When she was a little girl, Maxine Miller (Charley Rowan McCain) aspired to be the ‘star’ of her preacher daddy’s (Simon Prast, "X") church, but now the porn star is about to transition into ‘real’ movies.  It is 1985, the Night Stalker is terrorizing L.A. and women are turning up dead, branded with satanic marks, but our young starlet is sure she can take care of herself as she confidently declares herself a movie star in “MaXXXine.”

Laura's Review: B-

After his thrilling 1970’s horror homage “X” followed by its stunningly shot prequel “Pearl,” writer/director/editor Ti West ("X," "Pearl") caps off his trilogy with a film stuffed with movie references that screams 1985 but disappoints in comparison to the first two.  Mia Goth depicts Maxine as one tough badass, only to reverse course as a damsel in distress in a limp climax that is at once overblown and underwritten.

While “MaXXXine” features several flashbacks to “X,” any newcomers to Maxine Minx’s story may find aspects of this one a little hard to follow while those who have followed along shouldn’t be surprised by the identity of the black leather gloved killer, no matter how poorly that back story is integrated.  As Maxine gears up to make a splash in horror sequel ‘The Puritan 2’ directed by tough indie filmmaker Elizabeth Bender (Elizabeth Debicki), people around her begin to die horrible deaths.

Leaving her job at The Landing Strip with coworker Tabby Martin (Halsey), Maxine refuses an invite to a party in a house beneath the Hollywood sign in order to perform in a peep show booth.  Along the way, the woman who’s said she can take care of herself is stalked and cornered in a dead end, but woe to her stalker, a man with a knife dressed up as Buster Keaton (Zachary Mooren), in the first of several over-the-top gore scenes.  She’ll relax later with her best friend Leon (Moses Sumney) who works in the video store below her Hollywood Boulevard apartment.

As Maxine gears up for her crossover film, she’ll have a panic attack while waiting for a life cast (a mold created with plaster of Paris applied to the head) to set, a scene which will foreshadow another in the film’s climax (Sophie Thatcher of TV's 'Yellowjackets' is the FX artist).  She also be dogged by Detectives Williams and Torres (Michelle Monaghan and Bobby Cannavale) when her colleagues Tabby and Amber (Chloe Farnworth) are found dead, but refuses to talk to them.  There will also be the matter of a videotape of Texas police evidence footage that is left at her door, a threat to expose her hand in the massacre which ended “X” led by sleazy P.I. John Labat (Kevin Bacon), contracted by that unseen man with the black leather gloves.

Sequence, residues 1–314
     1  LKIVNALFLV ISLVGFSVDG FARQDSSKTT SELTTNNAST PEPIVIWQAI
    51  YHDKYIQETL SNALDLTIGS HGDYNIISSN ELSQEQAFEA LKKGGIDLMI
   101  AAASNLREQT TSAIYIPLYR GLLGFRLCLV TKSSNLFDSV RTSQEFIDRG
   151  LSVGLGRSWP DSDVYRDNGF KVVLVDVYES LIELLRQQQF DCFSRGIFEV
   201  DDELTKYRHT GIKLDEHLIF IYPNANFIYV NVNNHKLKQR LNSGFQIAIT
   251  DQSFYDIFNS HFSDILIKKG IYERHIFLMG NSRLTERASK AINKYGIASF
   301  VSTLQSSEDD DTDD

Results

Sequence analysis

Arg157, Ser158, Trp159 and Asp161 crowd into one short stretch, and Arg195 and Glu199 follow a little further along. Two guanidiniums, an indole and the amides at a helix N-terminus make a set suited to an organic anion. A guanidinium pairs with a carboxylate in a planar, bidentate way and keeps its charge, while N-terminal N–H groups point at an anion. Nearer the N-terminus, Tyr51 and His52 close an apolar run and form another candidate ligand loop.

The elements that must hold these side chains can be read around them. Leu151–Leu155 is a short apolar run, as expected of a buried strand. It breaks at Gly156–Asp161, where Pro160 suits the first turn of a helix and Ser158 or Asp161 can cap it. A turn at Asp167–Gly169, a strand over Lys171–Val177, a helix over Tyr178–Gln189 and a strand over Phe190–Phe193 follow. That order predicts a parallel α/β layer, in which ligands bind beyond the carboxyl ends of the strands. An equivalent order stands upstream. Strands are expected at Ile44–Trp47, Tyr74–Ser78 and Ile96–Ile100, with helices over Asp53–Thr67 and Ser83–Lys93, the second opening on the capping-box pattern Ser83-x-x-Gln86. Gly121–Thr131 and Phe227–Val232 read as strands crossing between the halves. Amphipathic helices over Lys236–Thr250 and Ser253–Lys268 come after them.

Those gloves are likely an homage to Dario Argento’s “Deep Red,” along with numerous other references scattered throughout the film.  Once Maxine’s worked over Labat with a set of keys after she catches him following her, he’ll slink around in a cream-colored suit with his nose bandaged just like “Chinatown’s” Jake Gittes.  She’ll be chased through the studio lot (where indie horror filmmaker Larry Fessenden is the security guard at the gate) allowing stops at the “Psycho” house (where she sees something strange in the window) as well as a run though “Back to the Future’s” town square.  George C. Scott’s 1979 “Hardcore” is a major influence here as well.

But for all these cinematic references, West fails to give us much perspective on the movie we see makes Minx a star.  His screenplay has a lot going on, but never seems to go much below the surface.  Goth, who had extraordinary moments in “Pearl,” gets a couple of monologues here, but none of them land with anything like the same force.  And while support now features bigger name actors (Giancarlo Esposito is Maxine’s agent Teddy Night, Esq. while Lily Collins portrays the star of ‘The Puritan’), the results are mixed, Debicki and newcomer Sumney making strong impressions while Monaghan and Cannavale feel like afterthoughts.

The production features the seedy side of 80’s L.A., cinematographer Eliot Rockett using era appropriate equipment to replicate the look of movies of the time.  Costume and make-up all point to the 1980’s without overdoing things, Maxine’s various looks slightly trampy compared to Debicki’s more sharply tailored clothing.  Tyler Bates’ sighing brass and electronic score and 80’s standards like ZZ Top's 'Gimme All Your Lovin',' Frankie Goes to Hollywood’s 'Welcome to the Pleasuredome' and Kim Carnes' 'Bette Davis Eyes' complete the retro feel.

“MaXXXine” is a fun slasher flick steeped in the 1980’s of Tipper Gore music censorship and satanic panic, but it doesn’t scale the heights of its predecessors.

A24 releases "MaXXXine" in theaters on 7/5/24.